Shortly after completing the difficult climb up Jacob’s Ladder, we arrived at Brown Fork Gap Shelter where we took a lunch break. We were joined by Candyman, Fifty, Hailie and Livvy as well as earlier by Rivers and another thru hiker. Having been wiped out for the day, I was glad the rain subsided early and most of the rest of the trail appeared to be downhill. We still had seven miles to cover. We saw few hikers during the day, but there were about 6 in the shelter and 6 tenting when we arrived at the shelter area a little before 5 pm. I was tired. Brooke seemed as though she could have gone farther.
We set up our tents (on somewhat challenging sites), filtered water and cooked dinner, visiting with a 60 year-old businessman planning to hike only to Damascus. As it got darker and colder, we retired to our tents. Within 30 minutes of getting settled inside the rain came and came very hard. Whew! We had gotten the day’s work completed without any rain except a little during the early miles.
Daylight savings time meant that 7 am was much darker than the day before. Our tent flys were wet from the evening’s rain, some of which was light and intermittent as we were waking. Determined to get an early start, we packed up with the assistance of our headlamps and, thankfully, no rain interrupted the effort.
We dressed for rain, but nothing came immediately. Our first hike of the day was a climb so we both were overheated and had to shed a couple of layers. Overall the hike was about 3 miles of climbing and 4 miles of downhill. We hoped for a noon arrival so Brooke could get on the road back to Chapel Hill. We passed one thru-hiker who had tented near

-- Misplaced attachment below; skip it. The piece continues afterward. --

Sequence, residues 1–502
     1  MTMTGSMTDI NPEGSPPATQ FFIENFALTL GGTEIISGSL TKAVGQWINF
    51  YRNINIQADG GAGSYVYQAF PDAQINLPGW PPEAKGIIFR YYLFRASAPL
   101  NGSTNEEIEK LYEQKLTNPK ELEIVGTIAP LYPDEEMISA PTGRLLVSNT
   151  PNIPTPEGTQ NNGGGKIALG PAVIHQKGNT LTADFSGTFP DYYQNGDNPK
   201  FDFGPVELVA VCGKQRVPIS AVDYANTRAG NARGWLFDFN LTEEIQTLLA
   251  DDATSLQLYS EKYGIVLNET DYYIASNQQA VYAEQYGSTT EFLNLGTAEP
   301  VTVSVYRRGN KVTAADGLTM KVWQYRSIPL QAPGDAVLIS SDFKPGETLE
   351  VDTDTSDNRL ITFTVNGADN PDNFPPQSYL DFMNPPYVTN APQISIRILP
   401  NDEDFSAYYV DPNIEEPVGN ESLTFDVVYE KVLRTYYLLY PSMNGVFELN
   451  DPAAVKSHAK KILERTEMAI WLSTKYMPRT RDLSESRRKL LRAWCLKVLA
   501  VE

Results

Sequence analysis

us the last two nights, but otherwise did not see other hikers until 4 younger hikers caught us at Fontana Crossing (marina) where we called to arrange our shuttle and enjoyed a vending machine beverage.
The trail was very wet and slick in many places, perhaps from the prior nights rain. After Fontana Crossing the hike was pleasant as it followed the lake shore. A mile and half after Fontana Crossing we came upon the famous “Fontana Hilton” shelter, on high ground overlooking the lake with picnic tables, seats surrounding a fire ring, running water, and a charging station (and a hundred yards away, there are tenting spots, flush toilets, and even a shower with hot water). Most thru-hikers have heard about this shelter (and seen YouTube videos), but it was even nicer than my impressions.
After some photos Brooke and I made our way to our pickup at Fontana Dam. We were picked up and taken to The Hike Inn, where Brooke could clean up and where I’d take a zero the next day.
Brooke ran me into town for errands and we enjoyed lunch at a Mexican restaurant before Brooke had to head back to medical school. It was great having her on the Trail for two days. .
Brooke headed off and I settled in for the evening and for my first zero day.
I took a rest or “zero” day and prepared for my entry the next day into the Great Smoky Mountains National Park – a place most thru-hikers face with varying levels of eagerness and apprehension.
I was eager because the Smokies really are the biggest mountains on the AT, their reputed to be beautiful with pleasant hiking, but there is ALWAYS the caveat that winter or other severe weather can show up at anytime.
Last modified: March 22, 2018